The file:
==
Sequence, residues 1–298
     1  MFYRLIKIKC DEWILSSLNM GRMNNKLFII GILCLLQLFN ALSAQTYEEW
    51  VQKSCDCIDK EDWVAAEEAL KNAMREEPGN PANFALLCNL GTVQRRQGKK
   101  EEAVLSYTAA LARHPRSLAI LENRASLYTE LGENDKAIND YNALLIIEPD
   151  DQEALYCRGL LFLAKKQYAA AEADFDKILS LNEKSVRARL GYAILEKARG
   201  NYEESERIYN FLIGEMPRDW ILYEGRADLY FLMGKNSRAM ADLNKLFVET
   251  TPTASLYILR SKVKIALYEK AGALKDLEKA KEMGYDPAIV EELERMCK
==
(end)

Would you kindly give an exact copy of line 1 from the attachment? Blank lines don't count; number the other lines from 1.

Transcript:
Sequence, residues 1–298